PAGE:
Bitcoin – Challenging the fiat money system or catalyzing economic development?

Bitcoin – Challenging the fiat money system or catalyzing economic development?

On the one hand, Bitcoin poses considerable challenges, such as the inability of governments to control its supply and demand or to determine the identity of who is making transactions, yet it also offers considerable opportunities for economic development. For example, anyone who has access to the internet, such as an entrepreneur in a remote area in Ghana with a mobile phone, can conduct financial transactions instantaneously and for only a few cents with anyone anywhere in the world. As a result, while some governments view Bitcoin as a threat, such as that of Thailand that ruled the use of Bitcoin as illegal, others see opportunity, such as the German Finance Ministry that declared Bitcoin as a “unit of account” enabling the taxation of its users.Despite being subject to significant threats such as fraud, hacker attacks, and lawsuits during the past two years, the Bitcoin currency and its global community have shown significant resilience and even continued exponential growth.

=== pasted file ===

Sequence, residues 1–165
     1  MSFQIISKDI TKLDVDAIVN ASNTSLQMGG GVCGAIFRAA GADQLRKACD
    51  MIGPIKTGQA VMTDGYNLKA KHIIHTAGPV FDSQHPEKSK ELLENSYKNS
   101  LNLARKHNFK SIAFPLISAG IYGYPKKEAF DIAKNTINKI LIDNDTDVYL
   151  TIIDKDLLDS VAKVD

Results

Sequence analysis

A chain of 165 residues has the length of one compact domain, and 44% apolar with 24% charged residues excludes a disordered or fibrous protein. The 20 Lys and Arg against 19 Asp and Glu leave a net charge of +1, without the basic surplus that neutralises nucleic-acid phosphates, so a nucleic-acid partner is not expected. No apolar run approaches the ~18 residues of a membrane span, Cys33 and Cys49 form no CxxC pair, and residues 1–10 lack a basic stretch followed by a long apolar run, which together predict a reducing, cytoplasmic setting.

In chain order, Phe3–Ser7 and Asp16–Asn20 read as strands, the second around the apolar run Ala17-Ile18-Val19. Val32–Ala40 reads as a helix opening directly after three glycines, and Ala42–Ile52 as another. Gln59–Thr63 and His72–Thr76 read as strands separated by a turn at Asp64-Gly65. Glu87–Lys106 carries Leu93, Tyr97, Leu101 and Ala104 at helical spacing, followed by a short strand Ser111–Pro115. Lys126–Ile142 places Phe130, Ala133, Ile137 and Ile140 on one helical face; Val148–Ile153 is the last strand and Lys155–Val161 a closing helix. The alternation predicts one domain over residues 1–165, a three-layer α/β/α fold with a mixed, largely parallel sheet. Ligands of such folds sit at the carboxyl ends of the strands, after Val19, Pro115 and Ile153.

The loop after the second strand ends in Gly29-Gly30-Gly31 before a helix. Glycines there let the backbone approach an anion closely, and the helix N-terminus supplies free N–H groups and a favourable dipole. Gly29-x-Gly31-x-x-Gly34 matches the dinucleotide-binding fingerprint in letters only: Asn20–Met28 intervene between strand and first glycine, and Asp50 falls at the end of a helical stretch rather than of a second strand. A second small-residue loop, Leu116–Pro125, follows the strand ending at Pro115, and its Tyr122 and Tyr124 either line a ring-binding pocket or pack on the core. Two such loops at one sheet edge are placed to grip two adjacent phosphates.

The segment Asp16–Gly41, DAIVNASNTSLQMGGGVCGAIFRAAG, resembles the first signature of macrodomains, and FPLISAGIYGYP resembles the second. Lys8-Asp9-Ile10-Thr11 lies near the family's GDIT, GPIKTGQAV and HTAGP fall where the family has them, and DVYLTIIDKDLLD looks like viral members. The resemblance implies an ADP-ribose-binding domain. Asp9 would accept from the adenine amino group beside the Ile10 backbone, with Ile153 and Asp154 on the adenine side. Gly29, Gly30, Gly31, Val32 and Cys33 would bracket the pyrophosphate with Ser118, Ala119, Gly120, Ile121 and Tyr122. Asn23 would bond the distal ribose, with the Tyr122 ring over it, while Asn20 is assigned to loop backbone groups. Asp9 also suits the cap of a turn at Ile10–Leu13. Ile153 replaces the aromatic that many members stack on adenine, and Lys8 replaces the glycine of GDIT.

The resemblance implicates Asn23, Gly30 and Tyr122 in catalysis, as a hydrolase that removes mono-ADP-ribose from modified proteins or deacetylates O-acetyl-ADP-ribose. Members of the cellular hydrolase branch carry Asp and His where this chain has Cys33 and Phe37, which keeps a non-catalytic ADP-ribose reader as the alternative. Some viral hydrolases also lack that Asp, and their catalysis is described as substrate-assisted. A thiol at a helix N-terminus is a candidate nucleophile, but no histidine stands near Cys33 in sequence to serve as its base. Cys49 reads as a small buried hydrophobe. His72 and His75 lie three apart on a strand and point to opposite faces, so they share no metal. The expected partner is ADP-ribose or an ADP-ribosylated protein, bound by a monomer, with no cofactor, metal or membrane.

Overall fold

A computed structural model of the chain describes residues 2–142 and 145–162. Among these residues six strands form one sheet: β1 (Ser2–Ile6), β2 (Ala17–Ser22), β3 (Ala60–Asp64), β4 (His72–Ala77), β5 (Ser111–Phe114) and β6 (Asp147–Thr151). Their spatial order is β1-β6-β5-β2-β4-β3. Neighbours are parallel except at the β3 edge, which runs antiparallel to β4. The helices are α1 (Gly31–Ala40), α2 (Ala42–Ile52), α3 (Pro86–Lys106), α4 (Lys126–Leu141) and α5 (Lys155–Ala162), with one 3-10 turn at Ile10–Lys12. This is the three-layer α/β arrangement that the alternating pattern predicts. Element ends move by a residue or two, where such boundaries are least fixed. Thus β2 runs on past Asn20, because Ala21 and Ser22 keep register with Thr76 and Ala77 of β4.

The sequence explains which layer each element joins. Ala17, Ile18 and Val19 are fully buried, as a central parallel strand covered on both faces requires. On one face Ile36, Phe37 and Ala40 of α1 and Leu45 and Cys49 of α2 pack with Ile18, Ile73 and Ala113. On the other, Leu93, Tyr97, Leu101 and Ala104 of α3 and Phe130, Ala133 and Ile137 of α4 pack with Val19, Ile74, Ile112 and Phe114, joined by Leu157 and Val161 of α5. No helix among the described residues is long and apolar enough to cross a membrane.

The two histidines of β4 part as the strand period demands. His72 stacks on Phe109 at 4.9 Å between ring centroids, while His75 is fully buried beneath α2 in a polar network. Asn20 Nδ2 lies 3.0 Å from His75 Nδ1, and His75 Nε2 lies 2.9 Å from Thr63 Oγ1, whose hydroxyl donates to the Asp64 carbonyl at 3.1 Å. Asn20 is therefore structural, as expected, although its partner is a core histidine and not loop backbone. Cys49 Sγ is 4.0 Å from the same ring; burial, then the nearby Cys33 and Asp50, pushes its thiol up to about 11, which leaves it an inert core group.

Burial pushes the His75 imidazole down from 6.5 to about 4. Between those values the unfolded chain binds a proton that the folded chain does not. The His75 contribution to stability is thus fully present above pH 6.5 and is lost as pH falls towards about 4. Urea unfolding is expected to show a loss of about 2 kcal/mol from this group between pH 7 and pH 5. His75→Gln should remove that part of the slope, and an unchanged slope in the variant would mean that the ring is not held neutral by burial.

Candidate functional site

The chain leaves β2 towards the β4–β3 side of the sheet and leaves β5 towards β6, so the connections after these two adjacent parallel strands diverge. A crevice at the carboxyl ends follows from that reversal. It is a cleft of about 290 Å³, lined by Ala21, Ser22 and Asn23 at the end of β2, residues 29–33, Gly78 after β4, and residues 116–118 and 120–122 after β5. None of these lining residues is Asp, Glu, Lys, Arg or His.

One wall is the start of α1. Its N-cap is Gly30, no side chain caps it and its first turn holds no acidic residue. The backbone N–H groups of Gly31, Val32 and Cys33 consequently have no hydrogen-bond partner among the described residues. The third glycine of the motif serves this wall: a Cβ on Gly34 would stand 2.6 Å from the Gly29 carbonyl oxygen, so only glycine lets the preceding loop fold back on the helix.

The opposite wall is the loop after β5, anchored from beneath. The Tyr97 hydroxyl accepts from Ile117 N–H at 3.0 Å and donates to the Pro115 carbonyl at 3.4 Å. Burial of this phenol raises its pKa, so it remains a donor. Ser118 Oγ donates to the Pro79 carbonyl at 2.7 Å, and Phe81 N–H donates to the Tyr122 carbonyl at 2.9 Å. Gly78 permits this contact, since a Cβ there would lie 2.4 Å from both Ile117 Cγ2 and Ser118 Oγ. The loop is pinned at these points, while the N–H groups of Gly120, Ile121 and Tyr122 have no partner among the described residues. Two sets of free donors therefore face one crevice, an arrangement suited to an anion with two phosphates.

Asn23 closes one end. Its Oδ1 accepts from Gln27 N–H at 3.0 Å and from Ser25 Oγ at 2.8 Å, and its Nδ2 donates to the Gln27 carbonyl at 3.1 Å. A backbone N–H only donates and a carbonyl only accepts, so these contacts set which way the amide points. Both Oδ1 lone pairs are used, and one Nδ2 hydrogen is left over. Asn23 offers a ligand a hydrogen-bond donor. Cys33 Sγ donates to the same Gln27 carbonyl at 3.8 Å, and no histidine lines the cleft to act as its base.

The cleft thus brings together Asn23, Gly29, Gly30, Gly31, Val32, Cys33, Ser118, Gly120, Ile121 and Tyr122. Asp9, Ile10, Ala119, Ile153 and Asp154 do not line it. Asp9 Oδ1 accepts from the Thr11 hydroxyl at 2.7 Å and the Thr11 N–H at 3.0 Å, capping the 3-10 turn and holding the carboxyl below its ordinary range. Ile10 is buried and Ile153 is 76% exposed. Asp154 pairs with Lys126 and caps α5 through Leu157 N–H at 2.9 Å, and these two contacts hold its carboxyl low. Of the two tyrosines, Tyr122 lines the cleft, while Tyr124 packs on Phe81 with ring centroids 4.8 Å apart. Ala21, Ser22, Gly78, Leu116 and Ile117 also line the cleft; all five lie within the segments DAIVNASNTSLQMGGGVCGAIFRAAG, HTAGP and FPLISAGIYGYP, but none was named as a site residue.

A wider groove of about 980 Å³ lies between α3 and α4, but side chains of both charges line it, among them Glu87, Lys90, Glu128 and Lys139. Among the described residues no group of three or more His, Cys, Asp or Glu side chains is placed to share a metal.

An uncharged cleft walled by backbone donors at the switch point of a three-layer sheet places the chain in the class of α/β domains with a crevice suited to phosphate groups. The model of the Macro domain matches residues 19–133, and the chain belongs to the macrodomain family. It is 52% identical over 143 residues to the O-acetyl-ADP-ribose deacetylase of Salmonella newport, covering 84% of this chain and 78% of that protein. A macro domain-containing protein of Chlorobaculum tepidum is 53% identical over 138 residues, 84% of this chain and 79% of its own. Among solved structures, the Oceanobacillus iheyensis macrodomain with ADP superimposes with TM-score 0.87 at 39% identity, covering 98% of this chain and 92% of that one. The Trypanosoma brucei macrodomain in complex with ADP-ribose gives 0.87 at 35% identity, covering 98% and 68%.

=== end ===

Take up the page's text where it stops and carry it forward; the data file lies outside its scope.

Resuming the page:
Thus, what makes Bitcoin a fascinating subject for a conference at the Stockholm School of Economics is not only the debate regarding the currency’s legitimacy and potential as a catalyst for economic growth but also what Bitcoin exemplifies – the power that an emergent community of strangers from across the globe can amass in such a short time through self-organizing over the internet without any top down control. After Bitcoin, what will come next?

Jon Matonis, Executive Director and Board Member, Bitcoin Foundation
Pelle Braendgaard, Founder, Kipochi

Robin Teigland, Associate Professor, Stockholm School of Economics

Date: Friday, October 25, 2013
Time: From 14:30 to 16:30 (Mingle 16:30-17:30)
Place: The Auditorium, Stockholm School of Economics, Sveavägen 65, Stockholm

Read more and register:


Stockholm School of Economics, SSE

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